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Dersim Massacre’s Armenian Survivors Testify in Turkish Parliament
ANKARA — A Turkish parliamentary sub-committee conducting an inquiry into the fate of the Dersim massacre survivors has invited several “lost daughters” to hear their stories about the tragedy.
Fatma Yavuz, who concealed her Armenian origins for 57 years, was also among the invitees.
Exiled from Konya at age five and learning her real surname 78 years later, the woman presented her recollections to the Turkish legislators.
She told how soldiers were lining up the people on the edge of the river, killing them and throwing the bodies to the river. She was either 4 or 5 years old. “I was saved by a person who covered me with a blanket. Later I was taken by an officer. His family adopted me. I was beaten there a lot and even had my finger broken. Later, another family took me, but there too, I was subjected to violence. When I was 13, I was finally married to a man of 35, who converted me to Islam. I was still a child, homeless, jobless and without anyone to take care of me. And I raised my children in such conditions,” she said.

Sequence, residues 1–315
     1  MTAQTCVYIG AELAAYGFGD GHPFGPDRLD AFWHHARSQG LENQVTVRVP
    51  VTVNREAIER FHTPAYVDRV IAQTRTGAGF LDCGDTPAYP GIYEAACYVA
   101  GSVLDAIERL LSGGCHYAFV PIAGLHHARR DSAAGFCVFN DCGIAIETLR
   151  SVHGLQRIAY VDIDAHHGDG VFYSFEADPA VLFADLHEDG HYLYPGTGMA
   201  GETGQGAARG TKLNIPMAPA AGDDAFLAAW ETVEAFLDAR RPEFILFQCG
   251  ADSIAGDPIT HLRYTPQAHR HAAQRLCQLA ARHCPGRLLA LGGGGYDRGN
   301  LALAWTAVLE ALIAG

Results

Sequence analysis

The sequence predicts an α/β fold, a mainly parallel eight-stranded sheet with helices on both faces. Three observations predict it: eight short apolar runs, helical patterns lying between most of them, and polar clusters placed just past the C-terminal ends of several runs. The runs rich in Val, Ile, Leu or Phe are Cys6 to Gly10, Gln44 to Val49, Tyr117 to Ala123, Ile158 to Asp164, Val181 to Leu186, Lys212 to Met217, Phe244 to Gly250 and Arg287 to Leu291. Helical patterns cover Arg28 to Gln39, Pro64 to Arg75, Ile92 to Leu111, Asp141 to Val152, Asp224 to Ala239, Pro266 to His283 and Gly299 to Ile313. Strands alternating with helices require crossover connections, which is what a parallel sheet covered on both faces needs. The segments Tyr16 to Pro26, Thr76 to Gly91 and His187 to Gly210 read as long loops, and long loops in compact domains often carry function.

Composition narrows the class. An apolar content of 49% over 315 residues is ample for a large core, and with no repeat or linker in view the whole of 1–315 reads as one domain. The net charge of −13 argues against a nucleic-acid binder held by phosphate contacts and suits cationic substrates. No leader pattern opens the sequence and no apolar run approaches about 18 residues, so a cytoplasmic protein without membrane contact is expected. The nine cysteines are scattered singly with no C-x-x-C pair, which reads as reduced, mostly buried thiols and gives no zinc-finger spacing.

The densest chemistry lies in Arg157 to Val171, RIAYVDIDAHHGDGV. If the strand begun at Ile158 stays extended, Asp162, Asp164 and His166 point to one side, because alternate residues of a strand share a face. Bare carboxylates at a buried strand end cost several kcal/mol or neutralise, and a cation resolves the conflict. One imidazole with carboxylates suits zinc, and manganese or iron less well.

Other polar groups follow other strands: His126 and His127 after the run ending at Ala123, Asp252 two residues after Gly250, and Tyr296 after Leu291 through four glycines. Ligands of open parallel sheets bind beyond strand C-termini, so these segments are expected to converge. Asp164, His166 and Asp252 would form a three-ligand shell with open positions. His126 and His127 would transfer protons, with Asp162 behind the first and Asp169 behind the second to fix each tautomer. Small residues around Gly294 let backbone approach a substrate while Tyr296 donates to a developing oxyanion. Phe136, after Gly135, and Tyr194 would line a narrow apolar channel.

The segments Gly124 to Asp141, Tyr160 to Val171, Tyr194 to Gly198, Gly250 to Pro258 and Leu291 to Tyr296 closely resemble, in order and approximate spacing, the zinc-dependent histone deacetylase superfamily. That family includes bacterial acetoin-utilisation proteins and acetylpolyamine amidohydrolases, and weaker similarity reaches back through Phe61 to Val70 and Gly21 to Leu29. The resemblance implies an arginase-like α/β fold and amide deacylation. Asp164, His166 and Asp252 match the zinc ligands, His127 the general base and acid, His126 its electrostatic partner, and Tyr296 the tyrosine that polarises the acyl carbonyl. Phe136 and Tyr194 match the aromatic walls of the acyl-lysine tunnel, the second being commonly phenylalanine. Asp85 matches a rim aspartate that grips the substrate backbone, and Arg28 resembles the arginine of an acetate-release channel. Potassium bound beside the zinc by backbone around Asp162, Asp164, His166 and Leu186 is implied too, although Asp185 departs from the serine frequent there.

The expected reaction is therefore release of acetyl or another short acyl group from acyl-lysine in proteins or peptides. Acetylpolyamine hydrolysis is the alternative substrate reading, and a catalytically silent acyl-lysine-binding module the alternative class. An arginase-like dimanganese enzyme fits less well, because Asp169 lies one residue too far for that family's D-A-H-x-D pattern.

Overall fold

Later, after continuous attempts to reveal her past, she has found out that her father’s name was Hakob and mother’s Havas.
The other adopted girl after Dersim massacres is Halazur Gevis. “Let such things never happen again, leaving children orphans and mothers crying,” she said, starting her speech. She told how her stepfather took away her mother’s property, and she was like a prisoner forced to live in camps. “I was forced to live as a slave. How can people be so bad?!” she said.
The offspring of a family that survived Dersim massacres Erdak Karakoc said for many years he has been searching for his sister Sakine and uncle’s daughter Semsi.
He said his father was searching them until he died without finding his daughter.
“We knew that they are alive. We had a document dating back to 1941. However, the more we were coming closer to them, the more they were moving away from us. I think, it was a step directed toward annihilation of Alevis of Dersim,” he noted.
Erdak Karakoc said if the “lost daughters” are alive he wants to find them, if they have passed away he wants to know where their grave is.